The Moving Pageant: A Literary Sourcebook on London Street Life, 1700-1914


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Harry Potter. Popular Features. New Releases. Notify me. Description The Moving Pageant is the first annotated anthology of writings on London street life. Wells The volume assembles a rich and varied selection of this abundance of writing, showing London as truly unique in its immensity, and, ultimately, supremely representative of our modern urban world in the making.

The Moving Pageant comes complete with a superb editor's introduction, illustrations, and biographical and critical commentaries on each of the writers' entries. It also displays many genres and styles of writing, and includes street-ballads, music-hall songs, excerpts from novels, epic poems, and documentary accounts of riots and executions, as well as descriptions of state pageants and processions.

Product details Format Paperback pages Dimensions x x Table of contents List of Illustrations. Part One: 'Amusements Serious and Comical' 1. Tom Brown, from Amusements Serious and Comical 2. There is a relationship between motion and socioeconomic positions in A Journal of the Plague Year : the rich flee, the poor wander, and H.

The plague casts these motions into relief and helps to consolidate emerging ideas of the Londoner in the newly modern metropolis. We are offered the exact location of H.

This area is outside the boundaries of the City walls, in the East End, where citizens typically reside. His status as a merchant and his identity as a citizen rely on his residence in London. His position as a merchant and citizen seems to make him a likely hero and a trustworthy narrator. As a result of such perspectives, it is not surprising that H.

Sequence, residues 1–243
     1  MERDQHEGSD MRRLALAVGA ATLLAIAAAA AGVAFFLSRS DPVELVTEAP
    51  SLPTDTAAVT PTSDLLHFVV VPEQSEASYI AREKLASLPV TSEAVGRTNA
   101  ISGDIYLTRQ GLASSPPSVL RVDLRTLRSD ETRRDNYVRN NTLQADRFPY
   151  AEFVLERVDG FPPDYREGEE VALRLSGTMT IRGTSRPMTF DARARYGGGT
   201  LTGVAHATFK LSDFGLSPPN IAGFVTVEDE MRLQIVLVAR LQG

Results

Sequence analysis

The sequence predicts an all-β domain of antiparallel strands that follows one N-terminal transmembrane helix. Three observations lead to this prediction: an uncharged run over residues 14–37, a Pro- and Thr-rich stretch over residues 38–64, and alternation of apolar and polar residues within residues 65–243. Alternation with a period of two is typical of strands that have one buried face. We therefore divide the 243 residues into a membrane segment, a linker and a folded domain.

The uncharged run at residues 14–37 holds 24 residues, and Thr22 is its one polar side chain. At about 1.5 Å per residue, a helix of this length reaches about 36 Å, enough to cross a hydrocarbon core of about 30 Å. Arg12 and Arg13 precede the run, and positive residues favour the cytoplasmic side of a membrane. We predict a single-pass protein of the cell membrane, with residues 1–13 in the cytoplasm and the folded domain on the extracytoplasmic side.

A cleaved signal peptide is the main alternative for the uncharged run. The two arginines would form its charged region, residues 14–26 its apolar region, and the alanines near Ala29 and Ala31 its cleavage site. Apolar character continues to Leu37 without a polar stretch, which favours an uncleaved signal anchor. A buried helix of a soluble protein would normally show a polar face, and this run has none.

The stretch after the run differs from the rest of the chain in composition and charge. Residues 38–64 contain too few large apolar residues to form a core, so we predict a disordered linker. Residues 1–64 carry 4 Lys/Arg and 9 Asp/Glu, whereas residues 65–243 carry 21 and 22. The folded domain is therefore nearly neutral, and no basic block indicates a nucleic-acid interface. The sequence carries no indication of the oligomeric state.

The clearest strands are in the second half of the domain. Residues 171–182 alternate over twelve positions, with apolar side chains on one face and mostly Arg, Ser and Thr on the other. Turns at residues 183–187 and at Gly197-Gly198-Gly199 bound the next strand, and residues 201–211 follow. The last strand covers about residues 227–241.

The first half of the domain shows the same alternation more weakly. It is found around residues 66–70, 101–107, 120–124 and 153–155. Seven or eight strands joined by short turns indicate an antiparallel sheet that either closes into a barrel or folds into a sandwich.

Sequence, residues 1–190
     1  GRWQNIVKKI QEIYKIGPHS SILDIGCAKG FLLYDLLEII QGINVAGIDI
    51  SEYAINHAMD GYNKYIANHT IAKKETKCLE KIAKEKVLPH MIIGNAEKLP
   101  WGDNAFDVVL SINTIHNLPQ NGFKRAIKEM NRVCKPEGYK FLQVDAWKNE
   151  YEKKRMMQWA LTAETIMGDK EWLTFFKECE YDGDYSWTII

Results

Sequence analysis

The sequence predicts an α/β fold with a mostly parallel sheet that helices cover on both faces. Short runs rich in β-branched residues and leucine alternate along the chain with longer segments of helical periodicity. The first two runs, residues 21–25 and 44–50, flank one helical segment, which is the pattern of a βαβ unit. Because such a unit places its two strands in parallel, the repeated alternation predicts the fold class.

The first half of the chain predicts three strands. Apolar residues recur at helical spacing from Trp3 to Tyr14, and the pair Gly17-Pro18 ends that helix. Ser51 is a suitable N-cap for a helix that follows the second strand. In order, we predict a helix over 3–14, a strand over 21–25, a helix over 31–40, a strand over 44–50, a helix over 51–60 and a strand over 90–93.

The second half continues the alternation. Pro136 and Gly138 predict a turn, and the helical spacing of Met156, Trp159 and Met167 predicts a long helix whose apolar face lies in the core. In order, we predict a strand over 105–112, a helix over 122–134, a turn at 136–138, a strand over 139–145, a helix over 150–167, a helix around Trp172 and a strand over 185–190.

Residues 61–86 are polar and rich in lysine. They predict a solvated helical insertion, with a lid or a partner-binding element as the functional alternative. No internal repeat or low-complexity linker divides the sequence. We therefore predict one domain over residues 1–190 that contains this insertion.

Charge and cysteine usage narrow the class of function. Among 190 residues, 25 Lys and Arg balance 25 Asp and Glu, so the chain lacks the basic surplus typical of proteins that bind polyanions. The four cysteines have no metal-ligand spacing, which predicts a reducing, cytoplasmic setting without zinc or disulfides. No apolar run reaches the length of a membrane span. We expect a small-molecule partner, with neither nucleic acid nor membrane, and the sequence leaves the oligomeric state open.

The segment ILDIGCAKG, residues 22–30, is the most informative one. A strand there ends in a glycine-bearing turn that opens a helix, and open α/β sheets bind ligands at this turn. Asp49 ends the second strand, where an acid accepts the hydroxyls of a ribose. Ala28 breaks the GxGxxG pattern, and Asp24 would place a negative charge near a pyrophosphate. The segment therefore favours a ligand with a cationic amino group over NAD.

Nevertheless, H. He expresses a sense of autonomy as he reports on his observations and assessments, all while maintaining a certain distance from the people he encounters and the places he visits. In walking the streets, H. In other words, the motions of his mind i.

Literary history and criticism

Staying on the periphery of most scenes, not touching anything or coming into direct contact with other bodies, he positions himself as an observer rather than as a participant in daily life during the plague. Whereas H. The gentry, H.


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Observing their vehicles and many of their servants leaving, H. With all of their vehicles, staff, and material splendor, the gentry are associated with the wealth and commercial success of the metropolis. Although some merchants leave too, including H. In fact, H. Around the Restoration, wealthy landowners expanded their estates westward to create planned streets and squares in the style that is now associated with the Georgian period.

As early as the s, the Earl of Bedford erected houses on his square in Covent Garden, which were then leased to members of the gentry, leading other property owners around the West End to follow suit Whitfield The gentry helped to stimulate the market by generating a demand for goods and services, yet as Defoe suggests through H.

Recensie(s)

Although the gentry may have contributed to the making of a more modern London, they are not tied to it. The motion of fleeing and escaping signals this detachment. After all, as Novak informs us, those who could afford to pay five to seven pounds per year had at least a few servants Daniel Defoe: Master of Fictions More servants resided with employers, as opposed to performing itinerant labor, yet the system was not solidified enough to offer stability.